Ask almost any sabermetrician what the most difficult facet of baseball to predict is. You will hear one answer from almost every single one: season to season pitcher performance. While I will certainly agree that this is a very difficult thing to predict, I have found trouble in predicting something else, something from the other side of home plate: power hitting.
While contact hitting remains fairly constant over the years, a hitter's ability to hit for power is always fluctuating. Younger guys are developing power, older guys are losing power. Contact hitting is much more basic. Either you are a good contact hitter or you are not. Sure, you can change your swing or learn more about it as you mature, but overall the ability to hit for contact is fairly linear. A poor contact hitter one year isn't going to become a good one the next. But a player who is a poor power hitter can become a good one the next year, which is what makes power hitting such an interesting - and difficult to study - topic.
So how do you predict power, and why is it so difficult? The most basic way is to use Doubles, Triples, or a combination of the two. The thinking behind this is that as a player matures and gets stronger, these Extra Base Hits will have enough power behind them to clear the fence instead of staying in the yard for a multi-bagger. I tested this theory among players with at least 200 At-Bats in 2004, 2005, and 2006. 73 of these players increase their AB/2B from 2004 to 2005 by more than 1.5 points. From 2005 to 2006, just 27 of these players increased their AB/HR. That’s just 37%. If 2Bs are supposed to predict power, why were they only successful 37% of the time?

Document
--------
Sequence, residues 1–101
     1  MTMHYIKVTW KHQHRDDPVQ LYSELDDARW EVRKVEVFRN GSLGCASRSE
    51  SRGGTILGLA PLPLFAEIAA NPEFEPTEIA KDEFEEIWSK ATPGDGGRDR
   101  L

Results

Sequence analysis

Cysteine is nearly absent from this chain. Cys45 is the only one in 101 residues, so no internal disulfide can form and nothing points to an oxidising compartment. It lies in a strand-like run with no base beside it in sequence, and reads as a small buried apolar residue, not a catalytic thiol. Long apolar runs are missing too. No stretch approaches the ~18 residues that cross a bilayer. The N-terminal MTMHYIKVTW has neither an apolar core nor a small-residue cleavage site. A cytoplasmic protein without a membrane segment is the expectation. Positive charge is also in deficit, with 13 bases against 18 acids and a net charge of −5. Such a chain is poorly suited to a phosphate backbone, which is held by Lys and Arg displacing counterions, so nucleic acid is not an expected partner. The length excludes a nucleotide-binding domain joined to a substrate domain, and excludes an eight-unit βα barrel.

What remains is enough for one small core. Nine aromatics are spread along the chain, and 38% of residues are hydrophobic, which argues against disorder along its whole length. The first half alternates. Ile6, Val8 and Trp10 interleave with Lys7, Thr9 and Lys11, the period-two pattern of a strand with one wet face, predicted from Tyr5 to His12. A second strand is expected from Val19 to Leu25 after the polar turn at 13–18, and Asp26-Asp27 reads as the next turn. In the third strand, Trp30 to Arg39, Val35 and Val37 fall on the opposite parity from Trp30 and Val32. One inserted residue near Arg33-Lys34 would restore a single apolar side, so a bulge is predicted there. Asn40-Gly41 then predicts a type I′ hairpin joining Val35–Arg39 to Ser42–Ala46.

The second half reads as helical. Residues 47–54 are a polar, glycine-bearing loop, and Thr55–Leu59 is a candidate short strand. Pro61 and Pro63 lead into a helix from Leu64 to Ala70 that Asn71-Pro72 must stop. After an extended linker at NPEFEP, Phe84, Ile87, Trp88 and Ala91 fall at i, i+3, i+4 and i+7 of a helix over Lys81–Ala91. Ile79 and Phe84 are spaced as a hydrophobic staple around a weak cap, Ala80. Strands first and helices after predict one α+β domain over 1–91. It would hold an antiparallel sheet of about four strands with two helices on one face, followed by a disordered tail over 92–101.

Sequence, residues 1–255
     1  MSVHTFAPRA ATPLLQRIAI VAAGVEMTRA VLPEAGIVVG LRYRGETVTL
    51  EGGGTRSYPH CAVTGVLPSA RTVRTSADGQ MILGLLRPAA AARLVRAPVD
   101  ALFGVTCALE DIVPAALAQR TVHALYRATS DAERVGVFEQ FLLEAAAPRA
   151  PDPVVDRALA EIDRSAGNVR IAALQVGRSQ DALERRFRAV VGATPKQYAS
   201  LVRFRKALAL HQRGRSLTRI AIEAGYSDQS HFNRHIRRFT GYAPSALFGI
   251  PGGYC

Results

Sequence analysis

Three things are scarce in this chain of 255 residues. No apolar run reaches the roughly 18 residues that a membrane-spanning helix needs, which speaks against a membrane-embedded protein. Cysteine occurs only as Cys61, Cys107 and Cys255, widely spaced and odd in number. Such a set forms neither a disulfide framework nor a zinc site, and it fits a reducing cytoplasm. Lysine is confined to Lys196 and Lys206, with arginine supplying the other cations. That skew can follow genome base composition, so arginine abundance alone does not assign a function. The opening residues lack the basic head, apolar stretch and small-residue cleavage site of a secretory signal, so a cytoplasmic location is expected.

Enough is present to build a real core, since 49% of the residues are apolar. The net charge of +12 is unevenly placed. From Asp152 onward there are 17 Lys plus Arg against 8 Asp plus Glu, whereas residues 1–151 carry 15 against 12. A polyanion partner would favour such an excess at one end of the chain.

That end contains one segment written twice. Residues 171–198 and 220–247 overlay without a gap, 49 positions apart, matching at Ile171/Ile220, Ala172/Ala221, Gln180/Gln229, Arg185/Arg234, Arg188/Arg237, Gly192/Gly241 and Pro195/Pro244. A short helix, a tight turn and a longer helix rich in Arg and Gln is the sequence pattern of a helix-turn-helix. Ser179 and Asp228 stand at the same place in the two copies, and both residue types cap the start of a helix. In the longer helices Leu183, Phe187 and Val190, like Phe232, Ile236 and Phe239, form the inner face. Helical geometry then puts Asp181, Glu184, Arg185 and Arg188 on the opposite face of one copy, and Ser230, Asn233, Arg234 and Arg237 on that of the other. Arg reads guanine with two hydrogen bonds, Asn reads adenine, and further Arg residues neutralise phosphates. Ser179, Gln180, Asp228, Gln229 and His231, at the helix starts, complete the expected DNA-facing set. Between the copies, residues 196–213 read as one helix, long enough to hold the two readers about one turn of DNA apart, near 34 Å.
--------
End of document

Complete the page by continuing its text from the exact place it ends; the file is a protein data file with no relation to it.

Doubles and Triples, I believe, are not the best source for power prediction. Approximately 14% of all doubles are groundballs, and as we know groundballs can never be converted into a home run. Doubles are especially tricky when looking at hitters who have some speed. They may hit a line drive or a bloop into the shallow part of the outfield that would be a single for slow batters, but because of their speed are able to turn it into a double. This is nice to be able to do, but it has nothing to do with potential future home run power. Or, these same players may actually hit a ball well, but because of their speed turn their double into a triple.
This begs two questions. One, what if we exclude fast players from our sample? I took out any player who had 20 or more steals in any of the 3 years, and the percentage actually decreased to 35%.
The second question is why don’t we include triples? Well, because triples are even more flawed than doubles are. Triples are almost the sole property of fast players. Slower players will very rarely hit a triple and will almost never hit more several in a season. Again though, why not include them? They just seem to be an extension of doubles for fast players. The problem is that 42% of triples are groundballs, usually hit down the first base line and into the corner in right field so that the fast runner has a chance to make it to third. This has nothing to do with the type of power we are talking about.